“If a Muslim woman wearing a headscarf decides to stop wearing it, I think she is a bad person and she does not deserve to be my girlfriend. If I knew her, I would intimidate her. Howrah Ibrahim Kandur, a Lebanese Muslim, explains.
He says his ideas grew up in a very religious family. Her father wanted her to befriend people like her, He also mentions that he carried those values with him in his adult life and as a high school English teacher.
Howrah was one of 150 participants in Lebanon Deep listening programCo-hosted by the British Council (UK’s public cultural body dedicated to the promotion of the English language and culture).
The goal was to learn connected skills Remorse, peace and suspension of judgment. A year later, Howrah was wondering how what she had learned helped open her mind.
“I learned to listen more, not to judge, but to try to understand and give others time to communicate the messages they want. Feedback To make sure I really understand what they want me to know.
What she sees now is her ex Sectarianism and intolerance Extended to What was different.
“I was against the Syrian refugees in Lebanon,” he says. “I thought the Syrians here did not care about their health and did not live a proper Lebanese life.”
However, today he works at the Syrian Refugee School on Tuesday afternoon. Despite the traumatic reaction of his family.
Every morning, Howrah meets Mayada, a refugee nurse from Syria, having her morning coffee. They first met when Mayada was taking care of Howrah’s mother, and now the two women are often at home with each other.
Says Howrah Her new relationships helped her to be more tolerant.
“In the past, I didn’t Communicate effectively I was listening to the media with those people, or playing a role in stigmatizing them, ”he explains.
“If we listen to each other, we will find that we have a lot in common: Human feelings that we share, ”he added.
However, Howrah’s friendship with Mayada did not prevent Howrah from having serious doubts about certain aspects of Mayada’s culture.
Mayada’s son is about to marry a 16 – year – old girl, which is not uncommon in the Syrian refugee community.
“I accept that this is your choice,” he responds. “By listening deeply, you understand who this person is Not your enemy Even if he behaves differently. “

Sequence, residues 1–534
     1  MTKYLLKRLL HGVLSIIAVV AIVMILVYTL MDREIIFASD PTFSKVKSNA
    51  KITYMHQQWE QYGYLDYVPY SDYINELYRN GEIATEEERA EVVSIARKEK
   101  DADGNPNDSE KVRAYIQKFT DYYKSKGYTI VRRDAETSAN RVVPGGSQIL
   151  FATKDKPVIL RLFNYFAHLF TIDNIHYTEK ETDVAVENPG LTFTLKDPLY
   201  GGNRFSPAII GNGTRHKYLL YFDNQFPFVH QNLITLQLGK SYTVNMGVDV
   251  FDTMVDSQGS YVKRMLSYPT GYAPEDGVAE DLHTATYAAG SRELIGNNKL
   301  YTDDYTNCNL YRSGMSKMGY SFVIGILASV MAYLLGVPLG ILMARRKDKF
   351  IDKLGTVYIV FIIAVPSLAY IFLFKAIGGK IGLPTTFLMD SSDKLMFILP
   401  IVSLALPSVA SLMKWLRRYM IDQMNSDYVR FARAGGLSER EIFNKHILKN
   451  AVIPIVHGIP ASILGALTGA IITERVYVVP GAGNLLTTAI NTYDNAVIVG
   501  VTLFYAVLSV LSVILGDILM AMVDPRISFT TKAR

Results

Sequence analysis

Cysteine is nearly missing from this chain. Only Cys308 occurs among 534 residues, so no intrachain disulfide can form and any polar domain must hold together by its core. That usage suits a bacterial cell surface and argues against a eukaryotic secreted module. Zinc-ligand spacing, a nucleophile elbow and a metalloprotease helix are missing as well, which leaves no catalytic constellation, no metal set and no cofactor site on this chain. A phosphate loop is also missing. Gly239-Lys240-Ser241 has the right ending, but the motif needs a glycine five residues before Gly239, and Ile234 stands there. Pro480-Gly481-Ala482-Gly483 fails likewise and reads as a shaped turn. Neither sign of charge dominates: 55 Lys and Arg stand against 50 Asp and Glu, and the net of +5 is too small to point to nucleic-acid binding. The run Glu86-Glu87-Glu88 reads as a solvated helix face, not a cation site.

Deep listening technique Used to deal with difficult conversations And make sure Both sides feel they have been heard. Indicates existence Real interest About the other person, with Great desire to understand it. About Connect Create another with the individual Hope. Here’s what you need to do to implement it:
Mohammed, a Lebanese humanitarian worker, said he did not know how to ask. Intervened in the negotiations The main part of your work.
“I was the person who always interrupted, the person who always knew what you were trying to say,” he says. “There he would start with assumptions and then try to verify them. Assumptions can be deadly. “
Shortly after completing his training, Mohammed traveled to Mosul, Iraq, to work with local authorities, voluntary organizations and UN agencies to develop a relief program for the city’s displaced people.
To succeed in his new role, Mohammed had to compromise with a large number of different groups Opposite views.
“Should IDPs be sent home? Want to try to integrate them into the city where they were? Will they accept living in the neighborhood with different tribes?
Mohammed clearly remembers the information he received before starting work. As his co-worker described his role and its needs, he began to feel I was thereBackground information you need, But it was not shared.
“Trust me, in the humanitarian field you need To understand personalities Everyone involved to effectively integrate. Who is a facilitator, who is spoiling the situation, who is preventing.
At that moment the memory of Muhammad came Listening training And importance Give space after someone has finished talking As a sign of respect and allow yourself to share more.
When a colleague finishes talking, Waited a full 20 seconds.
“In those 20 seconds I was able to gain a little bit of confidence and bonding with her,” he says. “After that place, our relationship changed and he shared with me his real experiences and his opinion about the main characters he needed to work with.”
Mohammed said three months later, it allowed him to understand how the city was functioning and to make great strides through plans for an integrated response.
However, there are times when Mohammed tries hard not to use him Ability to listen anew.
“In the field of aid, if you are really good, if you are in a personal conversation, take it upon yourself. Very deep emotional state You may not be ready, “he says.
Muhammad tells me about a conversation he had with a taxi driver who was flogged 18 times for driving a woman without a male companion, which was banned when the city was called the Islamic State.
“There is a dark side to deep listening”, Mohammed explains thoughtfully. “Now I know it’s not safe for me to have these conversations. I need power Separate me from the experience and suffering of others. Personally, I’m not ready yet. Master that emotional side. “
Meanwhile, for Howrah, how does he reconcile his new beliefs with those of his foster and fatherly values?
His father died a few years ago, but Howrah goes to his grave every Thursday. “I feel like he’s watching me from heaven, and I’m glad he’s happy and proud,” she says.
“The more we know people, the less we fear them. We have fewer prejudices. You may have found it All people are equal in their humanity. “
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